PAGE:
Josh Ezell’s family and friends don’t remember him as an addict.
About 15 people reminisced about Ezell at a memorial service arranged by his mother, Angie Cheshire, Saturday evening at Wellborn Park. Ezell died at 33 years old on July 21, 2017, from a heroin overdose after nearly three years of sobriety, Cheshire said. He was born at Regional Medical Center in Anniston, and later died there; he lived in Anniston and Wadley. Not many of his friends could attend his Monday morning funeral in 2017, but beneath the park pavilion, while thunder in the distance grumbled threats of oncoming storms, those who survived him gathered around a picnic table to talk about his life.
They remembered Ezell aloud by talking about his loves: brownies, Coca-Cola and cigarettes. Chocolate was a food group in itself, several agreed. He made up songs as he sang them. He’d drive someone crazy one minute and make them laugh the next. He was proud of his son.
Several attendees were recovering from addiction themselves. Ezell would call and check on them and say how proud he was that they were getting sober.
That sobriety is hard-earned, explained Shane Mitchell, Ezell’s cousin, who has maintained sobriety since 2016, he said.
“They say it gets better with time, but it don’t,” Mitchell said. “All we can do is try to spread the word and hope for the best.”
Ezell died during what may prove to be the peak of an opioid epidemic that has been boiling in the United States since the early 2010s. The Centers for Disease Control and Prevention released preliminary numbers last week that show drug overdose deaths in the United States dropping for the first time in 2018, down to 67,744 reported overdose deaths from 70,699 in 2017.
Cheshire said Ezell had been clean since 2014 when he died. He was a straight-A student in school, she said, but he had obsessive compulsive disorder and panic attacks in his youth. He was given drugs like Prozac and Zoloft, anything that might level out his mood and halt the compulsive counting that made him good at math but obsessive over numbers. He didn’t find his way into illegal drugs until after school.
He started work for a retail hardware company and traveled the country setting up and rearranging stores. Cheshire thinks he picked up his addictions on the road.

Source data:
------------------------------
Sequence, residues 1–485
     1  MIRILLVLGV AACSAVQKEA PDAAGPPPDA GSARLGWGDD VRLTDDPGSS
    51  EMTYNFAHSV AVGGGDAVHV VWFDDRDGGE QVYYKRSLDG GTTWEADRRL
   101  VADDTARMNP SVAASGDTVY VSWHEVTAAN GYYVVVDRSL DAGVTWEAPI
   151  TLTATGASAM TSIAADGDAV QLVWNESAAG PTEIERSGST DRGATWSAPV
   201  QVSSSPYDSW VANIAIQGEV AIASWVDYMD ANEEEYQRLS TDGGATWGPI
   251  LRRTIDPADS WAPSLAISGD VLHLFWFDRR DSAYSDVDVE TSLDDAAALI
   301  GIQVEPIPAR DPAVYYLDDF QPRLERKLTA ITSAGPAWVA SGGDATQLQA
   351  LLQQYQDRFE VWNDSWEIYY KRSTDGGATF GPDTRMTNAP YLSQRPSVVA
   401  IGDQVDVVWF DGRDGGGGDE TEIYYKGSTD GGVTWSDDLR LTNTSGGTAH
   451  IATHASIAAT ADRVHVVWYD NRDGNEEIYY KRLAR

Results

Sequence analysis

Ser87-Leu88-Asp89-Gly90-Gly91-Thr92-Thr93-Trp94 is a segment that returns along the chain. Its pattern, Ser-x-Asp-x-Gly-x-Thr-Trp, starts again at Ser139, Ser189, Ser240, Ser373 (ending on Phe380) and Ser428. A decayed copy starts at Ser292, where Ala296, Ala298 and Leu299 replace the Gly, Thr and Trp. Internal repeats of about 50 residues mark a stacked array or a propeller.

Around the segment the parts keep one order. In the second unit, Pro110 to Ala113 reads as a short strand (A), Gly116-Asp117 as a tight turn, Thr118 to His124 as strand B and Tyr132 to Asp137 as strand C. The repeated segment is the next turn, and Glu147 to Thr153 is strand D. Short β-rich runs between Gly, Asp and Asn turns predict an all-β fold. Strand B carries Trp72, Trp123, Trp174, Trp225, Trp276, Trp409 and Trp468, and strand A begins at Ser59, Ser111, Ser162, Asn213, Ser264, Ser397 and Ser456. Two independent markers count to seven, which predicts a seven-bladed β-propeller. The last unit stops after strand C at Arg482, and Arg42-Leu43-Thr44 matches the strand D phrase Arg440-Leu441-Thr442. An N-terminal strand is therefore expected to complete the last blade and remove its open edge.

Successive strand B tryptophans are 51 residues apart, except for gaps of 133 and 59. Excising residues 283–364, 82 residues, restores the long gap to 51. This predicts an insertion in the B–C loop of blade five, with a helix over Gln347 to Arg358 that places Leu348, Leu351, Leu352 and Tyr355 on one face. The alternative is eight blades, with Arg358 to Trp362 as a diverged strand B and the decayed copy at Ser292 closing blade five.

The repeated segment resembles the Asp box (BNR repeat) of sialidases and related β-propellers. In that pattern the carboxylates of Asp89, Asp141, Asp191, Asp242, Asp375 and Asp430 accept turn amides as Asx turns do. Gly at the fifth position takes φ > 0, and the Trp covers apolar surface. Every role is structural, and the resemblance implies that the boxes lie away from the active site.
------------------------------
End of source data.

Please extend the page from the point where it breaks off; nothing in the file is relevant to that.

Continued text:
“I think the substance abuse started when he got old enough to not have insurance to keep him on those medications,” Cheshire said. “I think he was trying to find something to take their place.”
In 2014 Ezell was charged with a DUI, after he drank and drove and wrecked a car. He told Cheshire he wanted to go to rehab, and she agreed to help him do so. When he left the rehab facility in Sylacauga that September, he told Cheshire that he wasn’t going to do heroin again, that she would never get a phone call about him and drugs. His last journal entry from the rehab center, dated Sept. 11, 2014, seemed hopeful:
“Leaving today is a bittersweet moment. Looking back I've acquired more knowledge than I ever thought I could. This place, the people & the fellowship we all had will be forever missed. Mama I'm coming home!”
People in recovery will often agree that getting clean doesn’t take away the urge to go back to using. Starting up again is called relapse, and sometimes it’s dangerous. The body can build a tolerance to many things, even hard drugs, but getting clean and staying sober can reset those tolerances. Sometimes a user will relapse and pick up where they left off, using as much as they might have to get high months or years beforehand. Cheshire thinks that’s what happened to Ezell.
He had been drinking beer with a friend on his aunt’s front porch in Anniston, she said, when he got up and walked to a vehicle that parked at the far end of the street. He came back and told his friend he was going to go take a shower. His aunt and cousin knocked on the shower door some time later, long enough to worry something was wrong.
“They found Josh in the bathroom and he was already blue,” Cheshire said.
Dena Boling, an outreach coordinator for Recovery Organization of Support Specialists, a Birmingham-based group that specializes in preventing relapse, said there are some signs that a former user might be nearing a relapse.
“Before they relapse, they may start talking about the drugs and may start romanticizing their past and talking about old friends,” Boling said.
The organization, funded by both the Alabama and federal departments of mental health, recently appointed Boling as its representative in Calhoun County. There are more than 30 counties with a representative in Alabama. Each rep helps former users connect with services that might help keep them from relapsing, which are generally free of charge, according to Boling.
Signs of possible relapse she mentioned include regular boredom, changes in routine, nervous tics like biting fingernails, shaking legs or other unusual behaviors.
She said that the best preventive strategy is to help people with addiction problems learn coping skills to handle having that addiction lurking in their life, even when they’re clean.
“Relapse starts in your mind, almost with daydreaming,” said Boling, who was herself an addict, like many of the organization’s outreach staff. “It may go on in your mind for three or four months, and the voice never shuts up, so you learn to deal with that in the support group.”
In the time since Ezell’s death, Cheshire has pushed for laws that could see people who sell or give drugs that lead to an overdose death be charged with manslaughter or murder.
“I’m pushing for an investigation,” she said. “I want somebody charged with his death.”
Cheshire said she wanted to share Ezell’s story because it might help someone else hurting with addiction find their way out, and help others understand that addicts aren’t necessarily morally corrupt, but often regular people in a difficult position.
“If it will help one person, then I won’t feel like he died in vain,” Cheshire said.